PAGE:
Also it depends on your time commitment. So far Ive been doing a chunk of lessons at once and then working on them through the week… but that hasnt boded well for me so dont do that haha


#5

I can relate. I’ve found that I only really have a superficial understanding of a lot of grammar until I write it down in sentences. Making sure you are taking in a lot of Japanese material is also really important for remembering the stuff as well as learning how it can be used.

Coming up with Japanese off the top of your head is largely a separate skill to just knowing the grammar. A lot of people (in fact, I think there may even be a thread dedicated to it) like to write a journal in Japanese to get the practice. You realize very quickly when doing something like this, that the grammar you have isn’t even close to what you need to express yourself, although it will really help with remembering different grammar points (as well as vocab and kanji).


#6

I feel like I’m on the same boat. I started BP a couple weeks ago and am still kind of figuring out how to use it. It takes a lot more time per grammar point than it would take to learn one vocab from WK. I’ve been testing out using Genki (borrowed from the library cause I’m cheap) as a teaching source and picking out the grammar from BP.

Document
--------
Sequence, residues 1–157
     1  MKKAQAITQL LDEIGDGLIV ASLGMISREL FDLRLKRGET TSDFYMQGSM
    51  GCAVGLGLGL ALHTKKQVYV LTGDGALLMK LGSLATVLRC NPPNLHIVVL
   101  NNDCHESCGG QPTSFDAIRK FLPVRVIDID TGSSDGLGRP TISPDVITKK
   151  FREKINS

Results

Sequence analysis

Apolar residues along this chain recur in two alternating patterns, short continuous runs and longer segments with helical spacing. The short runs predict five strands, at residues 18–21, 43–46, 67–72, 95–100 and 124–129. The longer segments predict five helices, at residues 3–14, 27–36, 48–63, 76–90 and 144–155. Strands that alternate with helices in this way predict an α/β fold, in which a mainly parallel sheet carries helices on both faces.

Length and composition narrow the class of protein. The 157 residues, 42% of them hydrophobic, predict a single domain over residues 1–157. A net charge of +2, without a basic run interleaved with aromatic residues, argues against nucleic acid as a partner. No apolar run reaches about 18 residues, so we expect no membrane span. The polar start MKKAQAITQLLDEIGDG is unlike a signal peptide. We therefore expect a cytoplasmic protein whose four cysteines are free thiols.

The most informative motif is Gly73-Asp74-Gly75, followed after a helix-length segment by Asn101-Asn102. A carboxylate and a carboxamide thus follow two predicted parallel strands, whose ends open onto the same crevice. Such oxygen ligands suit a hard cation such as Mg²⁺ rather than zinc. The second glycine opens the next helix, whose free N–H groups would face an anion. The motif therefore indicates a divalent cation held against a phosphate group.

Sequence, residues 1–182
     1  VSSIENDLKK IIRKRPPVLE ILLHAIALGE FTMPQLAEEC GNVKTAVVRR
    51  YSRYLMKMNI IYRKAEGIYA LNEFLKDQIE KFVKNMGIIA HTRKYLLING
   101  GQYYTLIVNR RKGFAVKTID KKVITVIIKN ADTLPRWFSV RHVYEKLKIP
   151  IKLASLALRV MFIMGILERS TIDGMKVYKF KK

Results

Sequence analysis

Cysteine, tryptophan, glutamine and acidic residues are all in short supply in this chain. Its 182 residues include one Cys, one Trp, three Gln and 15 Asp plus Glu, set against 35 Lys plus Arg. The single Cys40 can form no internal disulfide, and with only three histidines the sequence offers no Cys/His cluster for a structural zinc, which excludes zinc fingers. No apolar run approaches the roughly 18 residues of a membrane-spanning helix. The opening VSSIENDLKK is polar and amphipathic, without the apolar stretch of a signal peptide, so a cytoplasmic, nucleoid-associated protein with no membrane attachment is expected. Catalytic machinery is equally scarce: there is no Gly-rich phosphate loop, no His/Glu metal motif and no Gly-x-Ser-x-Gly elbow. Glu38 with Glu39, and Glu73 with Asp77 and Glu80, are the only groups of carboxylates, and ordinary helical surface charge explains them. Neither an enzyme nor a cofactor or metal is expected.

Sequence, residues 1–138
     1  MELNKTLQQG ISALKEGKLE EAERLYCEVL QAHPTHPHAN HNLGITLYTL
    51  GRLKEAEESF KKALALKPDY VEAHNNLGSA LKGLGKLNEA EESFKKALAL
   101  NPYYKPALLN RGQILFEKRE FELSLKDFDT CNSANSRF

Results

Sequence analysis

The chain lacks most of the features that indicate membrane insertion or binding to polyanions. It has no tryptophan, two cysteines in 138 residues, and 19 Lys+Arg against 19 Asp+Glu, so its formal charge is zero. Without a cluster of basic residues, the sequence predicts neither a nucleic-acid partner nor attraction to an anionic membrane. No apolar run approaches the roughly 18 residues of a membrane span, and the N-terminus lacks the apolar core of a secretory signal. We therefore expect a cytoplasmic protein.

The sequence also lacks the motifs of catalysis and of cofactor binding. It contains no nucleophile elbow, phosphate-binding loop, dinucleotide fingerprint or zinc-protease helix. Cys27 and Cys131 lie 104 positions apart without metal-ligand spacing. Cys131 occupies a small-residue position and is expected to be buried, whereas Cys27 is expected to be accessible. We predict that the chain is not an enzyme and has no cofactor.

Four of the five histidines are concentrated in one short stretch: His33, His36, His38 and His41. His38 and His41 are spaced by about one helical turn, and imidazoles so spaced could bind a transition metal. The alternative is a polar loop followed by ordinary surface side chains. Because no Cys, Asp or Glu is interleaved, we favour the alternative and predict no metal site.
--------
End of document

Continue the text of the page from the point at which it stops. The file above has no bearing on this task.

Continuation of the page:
Even though I really shouldn’t feel this way, the uber slow the progression really frustrates me. It makes keeping up the motivation hard for me. The grammar also doesn’t really stick that well either.


#7

That’s kind of my issue too. I have studied TONS of grammer, hundreds of lessons on jpod101, both human japanese books/apps, a few text books, even a “complete grammar” book. But it doesn’t appear to stick, i’m hoping that the SRS function of bunpro will be the missing key, on top of writing down the example sentences. But i’m not sure, that’s where i am.


#8

Reading is what’s going to make it stick best. Seeing things frequently and in context.
(Though I’m not saying that Bunpro or other resources will hurt…)


#9

I’m trying to read the book “mioka” (the book the drama was based on), and the attack on Titans manga. But last time I tried to read those my vocabulary held me back, and I was worried my grammar would hurt me so I wouldn’t understand it. It has been a while since I tried, maybe it’s time to try again.

Sent from Yahoo Mail on Android


#10